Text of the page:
Juan Williams calls for the government to defund NPR

Chris Moody Contributor
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Juan Williams, the former National Public Radio news analyst who was abruptly fired this week for expressing a personal view on Fox News, called for the federal government to stop funding the radio organization.

“If they want to compete in the marketplace, they should compete in the marketplace,” Williams said Friday in an interview on “Fox and Friends”. “They don’t need public funds. I think that they should go out there. They think their product is so great, go out and sell the product.”

Williams lost his job as a news analyst for the organization Wednesday after he said publicly that he sometimes gets nervous in airports when he sees passengers who appear to “identify first and foremost as Muslims.”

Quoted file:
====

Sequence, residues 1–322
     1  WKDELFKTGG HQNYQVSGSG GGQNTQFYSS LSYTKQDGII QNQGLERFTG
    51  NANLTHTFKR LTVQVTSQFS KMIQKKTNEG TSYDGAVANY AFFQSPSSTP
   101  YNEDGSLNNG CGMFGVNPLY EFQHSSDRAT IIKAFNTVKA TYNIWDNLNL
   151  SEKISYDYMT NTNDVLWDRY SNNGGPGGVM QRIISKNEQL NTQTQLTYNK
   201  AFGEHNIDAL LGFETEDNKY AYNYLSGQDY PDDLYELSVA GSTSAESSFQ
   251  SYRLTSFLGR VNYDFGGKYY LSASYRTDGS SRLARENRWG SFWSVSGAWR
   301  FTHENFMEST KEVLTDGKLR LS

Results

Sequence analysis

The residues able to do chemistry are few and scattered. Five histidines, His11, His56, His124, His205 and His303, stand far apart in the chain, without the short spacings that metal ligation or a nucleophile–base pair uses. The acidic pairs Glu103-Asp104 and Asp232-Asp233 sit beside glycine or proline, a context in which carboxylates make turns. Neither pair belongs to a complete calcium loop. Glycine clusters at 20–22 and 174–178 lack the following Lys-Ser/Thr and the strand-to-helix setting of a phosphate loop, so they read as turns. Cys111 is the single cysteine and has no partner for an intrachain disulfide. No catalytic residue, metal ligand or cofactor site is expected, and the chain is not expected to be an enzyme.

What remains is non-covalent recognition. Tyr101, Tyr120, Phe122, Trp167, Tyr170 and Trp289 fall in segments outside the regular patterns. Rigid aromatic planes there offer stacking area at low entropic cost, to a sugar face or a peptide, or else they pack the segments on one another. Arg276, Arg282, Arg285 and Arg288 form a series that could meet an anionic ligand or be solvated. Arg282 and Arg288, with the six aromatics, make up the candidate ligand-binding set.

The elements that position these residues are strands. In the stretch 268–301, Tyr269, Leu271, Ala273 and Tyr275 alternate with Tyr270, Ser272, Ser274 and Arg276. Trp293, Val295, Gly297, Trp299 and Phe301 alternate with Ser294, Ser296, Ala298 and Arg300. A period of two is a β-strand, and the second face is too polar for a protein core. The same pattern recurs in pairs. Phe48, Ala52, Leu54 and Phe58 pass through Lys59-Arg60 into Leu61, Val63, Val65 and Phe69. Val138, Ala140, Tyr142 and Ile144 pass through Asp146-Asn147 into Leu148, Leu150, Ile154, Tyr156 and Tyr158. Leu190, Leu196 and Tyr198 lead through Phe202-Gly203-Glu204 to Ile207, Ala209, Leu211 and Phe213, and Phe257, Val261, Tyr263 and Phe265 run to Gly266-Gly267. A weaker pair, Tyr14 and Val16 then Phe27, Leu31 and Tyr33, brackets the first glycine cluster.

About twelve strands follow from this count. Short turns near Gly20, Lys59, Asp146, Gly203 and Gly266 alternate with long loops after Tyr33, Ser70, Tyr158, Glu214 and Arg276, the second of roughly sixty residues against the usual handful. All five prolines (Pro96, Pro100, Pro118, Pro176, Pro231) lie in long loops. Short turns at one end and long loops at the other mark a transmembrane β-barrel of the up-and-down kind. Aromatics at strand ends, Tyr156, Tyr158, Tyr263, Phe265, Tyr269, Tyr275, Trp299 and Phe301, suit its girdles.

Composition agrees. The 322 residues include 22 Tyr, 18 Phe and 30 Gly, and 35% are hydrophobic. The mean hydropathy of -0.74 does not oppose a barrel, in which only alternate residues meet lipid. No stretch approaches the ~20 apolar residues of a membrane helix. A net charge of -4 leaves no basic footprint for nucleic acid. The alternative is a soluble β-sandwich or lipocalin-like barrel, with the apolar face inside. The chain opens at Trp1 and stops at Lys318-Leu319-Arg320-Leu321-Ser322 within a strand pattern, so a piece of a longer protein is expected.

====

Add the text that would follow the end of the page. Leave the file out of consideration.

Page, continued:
About two percent of NPR’s budget comes from grants from the Corporation for Public Broadcasting and the National Endowment for the Arts, and the organization receives dues from local member stations that are largely taxpayer-funded. Williams joins a growing chorus of policymakers and commentators who have also called for the federal government to cut the organization off and force it to compete on its own like other news media outlets. A majority of the organization’s funding already comes from private donors and sponsors.

Williams also suggested that NPR feels entitled to taxpayer money, and called its need for public funds “nonsense.”

“And too often, they make it out like, ‘you know what, we are a public jewel and we need the protection of the federal government, we need federal funds that come through the member stations and they pay for this product.’ Nonsense,” he said.

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